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Jeong H.W.,Chungbuk National University | Heo J.Y.,Chungbuk National University | Park J.S.,Chungbuk National University | Kim W.J.,Korea University | Kim W.J.,Transgovernmental Enterprise for Pandemic Influenza in Korea
PLoS ONE | Year: 2014

Methods: Data from patients suffering from an influenza-like illness (ILI) and who were discharged after visiting the ED at Chungbuk National University Hospital were reviewed over two influenza seasons: 2010-2011, when IVRAT was not used in the ED, and 2011-2012, when it was. The numbers of antibiotic prescriptions issued and the ED LOS during these two seasons were then compared.Results: The number of antibiotic prescriptions was significantly lower in 2011-2012 (54/216, 25.0%) than in 2010-2011 (97/221, 43.9%; P<0.01). However, the median ED LOS for patients in 2011-2012 was much longer than that of patients in 2010-2011 (213 minutes vs. 257 minutes; P<0.01). During the 2011-2012 influenza season, 73 ILI patients showed a positive IVRAT result whereas 123 showed a negative result. Upon discharge, antibiotics were given to 42/123 (34.1%) ILI patients with a negative IVRAT result, but to only 7/73 (9.6%) patients with a positive IVRAT result (P<0.01).Conclusions: Performing IVRAT in the ED reduced the prescription of antibiotics to ILI patients discharged after ED care. However, the ED LOS for patients who underwent IVRAT was longer than that for patients who did not. Thus, performing IVRAT in the ED reduces the unnecessary prescription of antibiotics to ILI patients during the influenza season.Background: Influenza virus infection is a common reason for visits to the emergency department (ED) during the influenza season. A rapid and accurate diagnosis of influenza virus infection is important to reduce unnecessary antibiotic prescription and to improve patient care. The aim of this study was to examine whether using the Influenza Virus Rapid Antigen Test (IVRAT) in the ED affects the decision to prescribe antibiotics or the length of hospital stay (LOS). © 2014 Jeong et al. Source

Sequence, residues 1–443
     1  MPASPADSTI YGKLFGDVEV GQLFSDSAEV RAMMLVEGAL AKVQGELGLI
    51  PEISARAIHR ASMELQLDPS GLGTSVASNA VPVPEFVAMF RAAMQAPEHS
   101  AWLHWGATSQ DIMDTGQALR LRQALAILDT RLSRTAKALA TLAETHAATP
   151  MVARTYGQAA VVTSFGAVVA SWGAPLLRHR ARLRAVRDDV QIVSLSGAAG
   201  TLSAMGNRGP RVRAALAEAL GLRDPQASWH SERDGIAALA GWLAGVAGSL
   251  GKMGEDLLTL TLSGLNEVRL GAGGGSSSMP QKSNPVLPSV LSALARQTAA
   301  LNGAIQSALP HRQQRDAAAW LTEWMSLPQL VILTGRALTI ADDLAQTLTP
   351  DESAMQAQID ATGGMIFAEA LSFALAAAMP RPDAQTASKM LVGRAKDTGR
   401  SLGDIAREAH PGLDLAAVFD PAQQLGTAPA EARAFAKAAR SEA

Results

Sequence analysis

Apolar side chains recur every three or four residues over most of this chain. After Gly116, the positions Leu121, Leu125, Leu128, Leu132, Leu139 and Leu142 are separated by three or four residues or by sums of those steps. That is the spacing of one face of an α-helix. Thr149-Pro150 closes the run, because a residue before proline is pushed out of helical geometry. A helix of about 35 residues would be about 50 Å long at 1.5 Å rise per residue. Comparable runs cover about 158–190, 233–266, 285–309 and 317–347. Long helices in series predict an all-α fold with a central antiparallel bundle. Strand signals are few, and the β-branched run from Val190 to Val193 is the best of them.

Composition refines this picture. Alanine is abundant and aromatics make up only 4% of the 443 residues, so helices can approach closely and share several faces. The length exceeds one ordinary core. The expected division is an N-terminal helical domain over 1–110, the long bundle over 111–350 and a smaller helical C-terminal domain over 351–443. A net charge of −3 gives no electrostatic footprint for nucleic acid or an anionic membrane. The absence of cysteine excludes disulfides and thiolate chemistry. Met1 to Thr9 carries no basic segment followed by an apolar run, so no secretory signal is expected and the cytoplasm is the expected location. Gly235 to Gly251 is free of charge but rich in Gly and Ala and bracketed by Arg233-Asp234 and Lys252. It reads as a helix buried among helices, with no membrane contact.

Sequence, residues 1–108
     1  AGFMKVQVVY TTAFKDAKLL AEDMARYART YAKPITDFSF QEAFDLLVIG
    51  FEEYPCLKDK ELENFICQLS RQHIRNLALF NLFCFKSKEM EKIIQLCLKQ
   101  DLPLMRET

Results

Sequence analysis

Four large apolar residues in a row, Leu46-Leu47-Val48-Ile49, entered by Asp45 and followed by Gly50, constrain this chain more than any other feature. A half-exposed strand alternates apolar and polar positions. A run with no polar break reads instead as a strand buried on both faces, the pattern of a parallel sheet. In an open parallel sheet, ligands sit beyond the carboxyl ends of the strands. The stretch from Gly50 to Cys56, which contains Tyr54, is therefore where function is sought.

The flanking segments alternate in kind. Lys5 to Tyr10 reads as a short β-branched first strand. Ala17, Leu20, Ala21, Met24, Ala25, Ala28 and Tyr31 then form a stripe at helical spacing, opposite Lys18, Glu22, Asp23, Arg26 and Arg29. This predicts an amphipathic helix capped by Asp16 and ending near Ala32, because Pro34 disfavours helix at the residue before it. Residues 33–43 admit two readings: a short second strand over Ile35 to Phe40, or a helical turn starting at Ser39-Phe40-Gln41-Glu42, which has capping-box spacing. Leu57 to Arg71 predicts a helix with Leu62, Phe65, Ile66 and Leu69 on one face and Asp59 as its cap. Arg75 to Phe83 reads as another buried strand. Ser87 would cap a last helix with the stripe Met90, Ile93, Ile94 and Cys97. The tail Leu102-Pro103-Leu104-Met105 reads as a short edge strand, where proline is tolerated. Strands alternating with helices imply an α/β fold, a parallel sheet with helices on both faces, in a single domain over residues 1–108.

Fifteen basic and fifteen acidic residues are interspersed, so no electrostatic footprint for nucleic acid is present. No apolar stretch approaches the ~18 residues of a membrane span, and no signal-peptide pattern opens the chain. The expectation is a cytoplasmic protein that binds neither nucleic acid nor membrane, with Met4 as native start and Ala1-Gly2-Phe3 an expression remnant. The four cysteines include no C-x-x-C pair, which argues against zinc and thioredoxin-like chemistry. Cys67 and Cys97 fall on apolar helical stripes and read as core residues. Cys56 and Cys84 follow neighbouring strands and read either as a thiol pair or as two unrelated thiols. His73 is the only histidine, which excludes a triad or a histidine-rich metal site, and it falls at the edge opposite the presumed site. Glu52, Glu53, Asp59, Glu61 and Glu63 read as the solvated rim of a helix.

Song J.Y.,Korea University | Song J.Y.,Transgovernmental Enterprise for Pandemic Influenza in Korea | Cheong H.J.,Korea University | Lee J.,Hallym University | And 11 more authors.
Vaccine | Year: 2015

Background: Cell culture-derived influenza vaccines (CCIVs) have several important advantages over egg-based influenza vaccines, including shorter production time, better preservation of wild-type virus antigenicity and large-scale production capacity. Methods: A randomized, double-blind, phase 3 trial was undertaken to evaluate the immunogenicity and safety of a novel cell culture-derived inactivated, subunit, trivalent influenza vaccine (NBP607, SK Chemicals, Seongnam, Korea) compared to the control vaccine (Agrippal®S1, Novartis Vaccines and Diagnostics Srl, Siena, Italy) among healthy adults aged 19 years or older (Clinical trial Number-NCT02344134). Immunogenicity was determined at pre-vaccination, 1 month and 6 month post-vaccination by the hemagglutination inhibition assay. Solicited and unsolicited adverse events were assessed after vaccination. Results: A total of 1156 healthy subjects were recruited. NBP607 met all of the criteria of Committee for Medicinal Products for Human Use (CHMP) at 21 days post-vaccination. Contrary to NBP607, the control vaccine did not satisfy the seroconversion criteria for influenza B irrespective of age. Although the geometric mean titer for each influenza subtype declined gradually, seroprotection rate still remained ≥80% for all subtypes up to six month after NBP607 administration. NBP607 recipients met the seroprotection criteria for all three influenza subtypes up to 6 month post-vaccination. There was no significant difference in the occurrence of adverse events between the NBP607 and control groups. Conclusion: NBP607, a novel CCIV, showed excellent immunogenicity that lasted ≥6 months after vaccination and had tolerable safety profiles. In particular, NBP607 was more immunogenic against influenza B compared to the control, an egg-based subunit vaccine. © 2015 Elsevier Ltd. Source

Noh J.Y.,Korea University | Song J.Y.,Korea University | Cheong H.J.,Korea University | Choi W.S.,Korea University | And 11 more authors.
PLoS ONE | Year: 2013